mutilation as highly normal and to them human rights, respect for the rule
of law are non existent and unnecessary,’ a Youth Alliance for Democracy
The European Union recently ratified its decision to extend targeted
sanctions by another year citing the lack of progress in the unity
government. Only slight amendments were made to the list as 9 companies were
de-listed and 6 names of mainly deceased people removed. Opposition ZAPU
leader Dumiso Dabengwa who broke away from ZANU PF was one of the officials
removed from the targeted sanctions list.
By Tichaona Sibanda
25 February 2010
South African President Jacob Zuma will use his state visit to the UK next
week to plead with the British government to remove targeted sanctions
against Robert Mugabe and his allies.
Speaking in an interview with the UK Financial Times in Pretoria, Zuma
suggested he would be happy even if conditions were set for the removal of
the sanctions. He said he was baffled that the targeted sanctions have
remained despite there being an inclusive government in place.
"If we were in the shoes of the big countries, I would have said 'here is an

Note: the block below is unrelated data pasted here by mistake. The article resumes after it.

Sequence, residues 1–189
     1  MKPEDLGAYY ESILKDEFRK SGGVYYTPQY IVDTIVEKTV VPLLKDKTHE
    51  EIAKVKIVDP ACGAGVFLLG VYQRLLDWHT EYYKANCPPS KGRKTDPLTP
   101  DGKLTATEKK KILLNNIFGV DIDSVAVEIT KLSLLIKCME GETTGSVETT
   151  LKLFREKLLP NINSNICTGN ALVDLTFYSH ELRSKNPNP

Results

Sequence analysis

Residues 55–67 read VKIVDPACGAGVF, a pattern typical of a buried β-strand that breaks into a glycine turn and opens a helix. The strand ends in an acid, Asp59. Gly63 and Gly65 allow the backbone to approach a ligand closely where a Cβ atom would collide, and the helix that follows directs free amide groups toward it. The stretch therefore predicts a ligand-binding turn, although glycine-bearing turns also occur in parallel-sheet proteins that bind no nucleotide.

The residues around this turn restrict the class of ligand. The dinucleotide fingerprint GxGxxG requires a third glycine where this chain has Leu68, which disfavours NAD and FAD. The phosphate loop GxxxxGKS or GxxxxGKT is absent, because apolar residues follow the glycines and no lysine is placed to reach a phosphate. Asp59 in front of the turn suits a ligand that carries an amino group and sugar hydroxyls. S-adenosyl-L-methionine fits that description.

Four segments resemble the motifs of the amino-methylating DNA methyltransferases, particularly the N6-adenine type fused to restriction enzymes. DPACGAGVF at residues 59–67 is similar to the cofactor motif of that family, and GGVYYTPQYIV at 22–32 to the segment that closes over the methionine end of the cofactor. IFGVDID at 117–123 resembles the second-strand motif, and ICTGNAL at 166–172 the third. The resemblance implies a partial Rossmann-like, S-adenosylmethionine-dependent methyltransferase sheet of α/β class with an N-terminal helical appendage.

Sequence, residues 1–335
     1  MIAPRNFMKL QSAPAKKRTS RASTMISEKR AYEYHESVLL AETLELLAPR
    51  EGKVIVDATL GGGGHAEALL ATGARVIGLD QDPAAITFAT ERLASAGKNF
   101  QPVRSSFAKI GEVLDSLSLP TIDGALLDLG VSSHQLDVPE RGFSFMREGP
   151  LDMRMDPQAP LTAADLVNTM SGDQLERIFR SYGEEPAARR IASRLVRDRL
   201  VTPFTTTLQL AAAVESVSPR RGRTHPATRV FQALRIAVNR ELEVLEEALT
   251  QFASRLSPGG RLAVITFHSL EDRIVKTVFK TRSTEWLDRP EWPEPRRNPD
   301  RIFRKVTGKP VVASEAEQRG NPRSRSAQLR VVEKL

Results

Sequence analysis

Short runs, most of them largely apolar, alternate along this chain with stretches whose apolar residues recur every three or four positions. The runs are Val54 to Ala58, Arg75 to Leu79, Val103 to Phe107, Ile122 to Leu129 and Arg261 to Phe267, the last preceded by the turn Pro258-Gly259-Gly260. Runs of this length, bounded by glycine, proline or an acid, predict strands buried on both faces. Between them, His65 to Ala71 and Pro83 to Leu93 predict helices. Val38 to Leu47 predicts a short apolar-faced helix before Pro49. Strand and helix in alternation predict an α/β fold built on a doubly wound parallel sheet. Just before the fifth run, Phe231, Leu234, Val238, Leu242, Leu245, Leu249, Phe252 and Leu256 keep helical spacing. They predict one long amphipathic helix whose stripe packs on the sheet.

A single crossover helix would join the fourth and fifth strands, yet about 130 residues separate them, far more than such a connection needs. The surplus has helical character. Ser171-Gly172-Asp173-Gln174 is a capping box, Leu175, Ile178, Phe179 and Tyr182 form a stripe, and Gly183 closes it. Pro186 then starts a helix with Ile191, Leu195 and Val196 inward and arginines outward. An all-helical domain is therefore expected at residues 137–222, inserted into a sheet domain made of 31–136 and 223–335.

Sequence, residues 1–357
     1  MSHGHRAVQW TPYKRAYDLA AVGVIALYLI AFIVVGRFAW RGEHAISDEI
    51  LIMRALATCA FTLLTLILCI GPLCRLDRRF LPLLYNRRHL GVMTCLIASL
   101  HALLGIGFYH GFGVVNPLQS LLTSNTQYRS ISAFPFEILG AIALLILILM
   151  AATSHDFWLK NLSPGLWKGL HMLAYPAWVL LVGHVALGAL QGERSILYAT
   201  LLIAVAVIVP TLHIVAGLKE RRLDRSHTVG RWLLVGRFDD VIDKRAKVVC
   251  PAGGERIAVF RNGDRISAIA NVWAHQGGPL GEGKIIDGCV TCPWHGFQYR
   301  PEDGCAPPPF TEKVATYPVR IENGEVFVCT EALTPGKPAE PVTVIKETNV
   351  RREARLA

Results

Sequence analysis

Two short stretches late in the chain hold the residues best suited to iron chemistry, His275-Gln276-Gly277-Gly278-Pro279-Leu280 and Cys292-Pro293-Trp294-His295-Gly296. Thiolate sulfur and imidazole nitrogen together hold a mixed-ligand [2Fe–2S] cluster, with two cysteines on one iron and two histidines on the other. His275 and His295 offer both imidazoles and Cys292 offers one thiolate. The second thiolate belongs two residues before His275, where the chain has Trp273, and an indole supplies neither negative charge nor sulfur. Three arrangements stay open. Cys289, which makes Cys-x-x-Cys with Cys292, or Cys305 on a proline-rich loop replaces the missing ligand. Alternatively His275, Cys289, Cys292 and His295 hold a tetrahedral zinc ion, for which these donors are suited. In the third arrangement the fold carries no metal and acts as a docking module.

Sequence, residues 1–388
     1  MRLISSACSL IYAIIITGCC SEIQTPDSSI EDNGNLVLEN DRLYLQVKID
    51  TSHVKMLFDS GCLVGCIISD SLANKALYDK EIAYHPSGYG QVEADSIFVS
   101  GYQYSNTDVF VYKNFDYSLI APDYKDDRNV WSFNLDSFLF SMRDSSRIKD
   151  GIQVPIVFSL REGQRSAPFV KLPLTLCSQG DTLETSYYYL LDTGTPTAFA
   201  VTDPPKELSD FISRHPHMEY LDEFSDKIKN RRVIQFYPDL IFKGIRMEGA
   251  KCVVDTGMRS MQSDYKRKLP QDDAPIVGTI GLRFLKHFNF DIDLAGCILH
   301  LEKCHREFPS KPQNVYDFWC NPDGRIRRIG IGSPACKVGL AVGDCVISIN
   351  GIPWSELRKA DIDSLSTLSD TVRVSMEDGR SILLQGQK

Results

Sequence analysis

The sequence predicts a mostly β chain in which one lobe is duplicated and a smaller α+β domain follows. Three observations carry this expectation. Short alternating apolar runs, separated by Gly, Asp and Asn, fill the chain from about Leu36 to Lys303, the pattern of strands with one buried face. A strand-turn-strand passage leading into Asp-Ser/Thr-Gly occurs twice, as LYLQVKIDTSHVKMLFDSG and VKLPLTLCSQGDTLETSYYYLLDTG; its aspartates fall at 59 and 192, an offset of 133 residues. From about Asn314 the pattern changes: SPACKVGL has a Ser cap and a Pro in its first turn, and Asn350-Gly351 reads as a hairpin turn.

agreement, we are in support of this agreement and lifting sanctions, even
conditionally, even for six months to a year, give a chance for this
agreement," Zuma said.
A number of demonstrations against Zuma's soft stance towards Robert Mugabe
have been lined up by Zimbabwean groups during his visit. The South African
President will be a guest at Buckingham Palace, the Queen's official
residence in London.
Zuma said he believed the sanction against Mugabe and his ZANU PF officials
made it more difficult to establish a 'viable coalition government' in
"ZANU PF says they're in a cabinet of a unity government. But part of the
cabinet can go anywhere in the world for their work and part (ZANU PF
members) can't go out of the country. This unity government is being
suffocated. It is not being allowed to do its job by the big countries," he
Last week, the European Union extended their targeted sanctions on Mugabe
and his henchmen to punish them for lack of progress in implementing the
Global Political Agreement.